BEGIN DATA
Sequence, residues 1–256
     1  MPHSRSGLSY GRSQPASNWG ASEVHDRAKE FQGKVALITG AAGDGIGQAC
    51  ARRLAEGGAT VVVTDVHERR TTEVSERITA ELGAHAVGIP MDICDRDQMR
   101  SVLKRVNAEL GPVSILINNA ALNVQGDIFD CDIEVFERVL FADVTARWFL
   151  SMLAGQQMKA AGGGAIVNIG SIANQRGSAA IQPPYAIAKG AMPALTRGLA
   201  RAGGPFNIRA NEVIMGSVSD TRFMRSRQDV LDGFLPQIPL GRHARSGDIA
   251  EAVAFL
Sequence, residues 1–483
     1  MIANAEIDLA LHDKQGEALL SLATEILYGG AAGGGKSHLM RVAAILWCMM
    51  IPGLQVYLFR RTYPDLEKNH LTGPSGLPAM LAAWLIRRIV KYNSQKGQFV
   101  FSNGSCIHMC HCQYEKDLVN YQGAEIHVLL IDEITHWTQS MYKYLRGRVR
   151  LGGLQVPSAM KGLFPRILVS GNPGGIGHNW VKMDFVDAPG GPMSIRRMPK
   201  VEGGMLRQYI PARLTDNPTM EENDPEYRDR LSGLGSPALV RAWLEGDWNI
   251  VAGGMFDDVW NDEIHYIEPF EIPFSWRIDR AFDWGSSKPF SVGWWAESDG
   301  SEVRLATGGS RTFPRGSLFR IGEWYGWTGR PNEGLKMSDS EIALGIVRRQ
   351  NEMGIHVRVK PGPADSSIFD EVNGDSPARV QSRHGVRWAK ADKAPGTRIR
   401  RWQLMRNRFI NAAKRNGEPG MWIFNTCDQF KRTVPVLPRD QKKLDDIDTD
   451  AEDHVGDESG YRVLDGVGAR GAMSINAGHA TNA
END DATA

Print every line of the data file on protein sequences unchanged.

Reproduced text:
Sequence, residues 1–256
     1  MPHSRSGLSY GRSQPASNWG ASEVHDRAKE FQGKVALITG AAGDGIGQAC
    51  ARRLAEGGAT VVVTDVHERR TTEVSERITA ELGAHAVGIP MDICDRDQMR
   101  SVLKRVNAEL GPVSILINNA ALNVQGDIFD CDIEVFERVL FADVTARWFL
   151  SMLAGQQMKA AGGGAIVNIG SIANQRGSAA IQPPYAIAKG AMPALTRGLA
   201  RAGGPFNIRA NEVIMGSVSD TRFMRSRQDV LDGFLPQIPL GRHARSGDIA
   251  EAVAFL
Sequence, residues 1–483
     1  MIANAEIDLA LHDKQGEALL SLATEILYGG AAGGGKSHLM RVAAILWCMM
    51  IPGLQVYLFR RTYPDLEKNH LTGPSGLPAM LAAWLIRRIV KYNSQKGQFV
   101  FSNGSCIHMC HCQYEKDLVN YQGAEIHVLL IDEITHWTQS MYKYLRGRVR
   151  LGGLQVPSAM KGLFPRILVS GNPGGIGHNW VKMDFVDAPG GPMSIRRMPK
   201  VEGGMLRQYI PARLTDNPTM EENDPEYRDR LSGLGSPALV RAWLEGDWNI
   251  VAGGMFDDVW NDEIHYIEPF EIPFSWRIDR AFDWGSSKPF SVGWWAESDG
   301  SEVRLATGGS RTFPRGSLFR IGEWYGWTGR PNEGLKMSDS EIALGIVRRQ
   351  NEMGIHVRVK PGPADSSIFD EVNGDSPARV QSRHGVRWAK ADKAPGTRIR
   401  RWQLMRNRFI NAAKRNGEPG MWIFNTCDQF KRTVPVLPRD QKKLDDIDTD
   451  AEDHVGDESG YRVLDGVGAR GAMSINAGHA TNA